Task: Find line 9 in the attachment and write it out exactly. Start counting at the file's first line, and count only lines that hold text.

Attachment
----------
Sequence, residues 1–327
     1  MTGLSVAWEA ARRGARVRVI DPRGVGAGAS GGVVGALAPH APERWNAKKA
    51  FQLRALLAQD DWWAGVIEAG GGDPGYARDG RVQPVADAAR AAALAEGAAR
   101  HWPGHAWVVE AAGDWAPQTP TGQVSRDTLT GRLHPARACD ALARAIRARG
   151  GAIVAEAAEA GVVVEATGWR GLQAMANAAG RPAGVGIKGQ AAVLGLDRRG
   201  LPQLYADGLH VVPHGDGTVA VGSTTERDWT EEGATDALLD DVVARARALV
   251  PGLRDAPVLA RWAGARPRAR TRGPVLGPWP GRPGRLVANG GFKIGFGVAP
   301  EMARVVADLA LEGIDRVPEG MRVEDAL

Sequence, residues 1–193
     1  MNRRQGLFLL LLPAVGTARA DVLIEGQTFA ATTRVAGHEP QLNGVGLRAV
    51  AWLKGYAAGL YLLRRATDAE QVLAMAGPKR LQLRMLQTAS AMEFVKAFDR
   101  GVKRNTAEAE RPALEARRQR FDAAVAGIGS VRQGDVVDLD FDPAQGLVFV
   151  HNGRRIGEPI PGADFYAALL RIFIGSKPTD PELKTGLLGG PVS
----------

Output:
Sequence, residues 1–193